Integrating ethnic identity with American mainstream culture is a complex task, and in Leaving Deep Water Claire Chow deftly explores the many ways that women of Asian descent have created a place for themselves in modern society. Drawing on the personal narratives of dozens of women from China, Japan, Korea, the Philippines, Vietnam, and other Asian countries, Chow explorIntegrating ethnic identity with American mainstream culture is a complex task, and in Leaving Deep Water Claire Chow deftly explores the many ways that women of Asian descent have created a place for themselves in modern society. Drawing on the personal narratives of dozens of women from China, Japan, Korea, the Philippines, Vietnam, and other Asian countries, Chow explores such common themes as coming of age, parental expectations, marriage and divorce, career experiences, family relationships, and aging. These intimate reflections are deeply moving, the voices unique, and the stories eye-opening, bringing a new perspective to the multicultural experience. Leaving Deep Water offers guidance, inspiration, and a shared sense of struggle while breaking down myths and celebrating the human ability to craft a new identity in a new place. • There are more than 25 million Americans of Asian or Pacific Island descent. • Published to coincide with Women's History Month. • Will appeal to teachers, therapists, and other professionals who work in a multicultural setting as well as to the readers of Amy Tan, Maxine Hong Kingston, and other Asian-American writers. • Leaving Deep Water has strong course adoption potential....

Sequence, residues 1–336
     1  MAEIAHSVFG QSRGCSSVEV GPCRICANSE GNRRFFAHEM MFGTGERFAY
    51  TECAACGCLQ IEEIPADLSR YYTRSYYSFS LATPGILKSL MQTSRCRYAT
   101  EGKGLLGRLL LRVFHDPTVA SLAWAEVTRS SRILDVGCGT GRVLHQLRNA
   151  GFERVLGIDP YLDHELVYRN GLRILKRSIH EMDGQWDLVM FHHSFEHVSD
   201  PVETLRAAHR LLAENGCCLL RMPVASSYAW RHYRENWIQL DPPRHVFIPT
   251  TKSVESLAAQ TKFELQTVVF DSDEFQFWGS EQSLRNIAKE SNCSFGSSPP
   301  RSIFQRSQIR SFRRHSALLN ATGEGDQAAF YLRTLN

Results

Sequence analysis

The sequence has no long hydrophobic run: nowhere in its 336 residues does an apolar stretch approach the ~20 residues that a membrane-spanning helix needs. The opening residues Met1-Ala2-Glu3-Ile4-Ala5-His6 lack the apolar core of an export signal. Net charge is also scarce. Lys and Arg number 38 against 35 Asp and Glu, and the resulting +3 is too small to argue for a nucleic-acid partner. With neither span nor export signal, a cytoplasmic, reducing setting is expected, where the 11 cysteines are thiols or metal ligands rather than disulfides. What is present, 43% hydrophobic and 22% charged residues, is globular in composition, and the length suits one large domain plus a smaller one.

|Title||:||Leaving Deep Water: The Lives of Asian-American Women at the Crossroads of Two Cultures|
|Number of Pages||:||320 Pages|
|Status||:||Available For Download|
|Last checked||:||21 Minutes ago!|
Leaving Deep Water: The Lives of Asian-American Women at the Crossroads of Two Cultures Reviews
This is a series of stories about Asian ethnic groups living in the US and how many of them have handled being first generation immigrants; and how they see certain situations in general. It was okay... some of the women weren't likeable, but some of the women had some stories to tell about their families, especially their mothers.
This is an interesting compilation of stories told by a group of Asian American women. (East Asian, Chinese, Korean, Japanese, Vietnamese, and Thai) This book discusses relationships that different Asian American women have with thier families, American society, their spouses/significant others, their children, and their own ideas about identity. I don't like the autor- she seems very detached and there were a few women, who I did want to smack upside the head. But overall I think it was a worthwhile read and it did teach me a few things about understanding the way I think.
Great book, discusses relationships of mother/daughter in modern day society, the pressure of marriage, sexuality, and especially the guilt trip our mothers give to us. I definitely recommend reading for all females who are trying to figure out their mothers, and why we cant say no.
these essays echo the asian-american female experience pretty well.
my copy is dedicated by the author:To Paul: Thanks so muchfor your presencehere.Clair S. Chow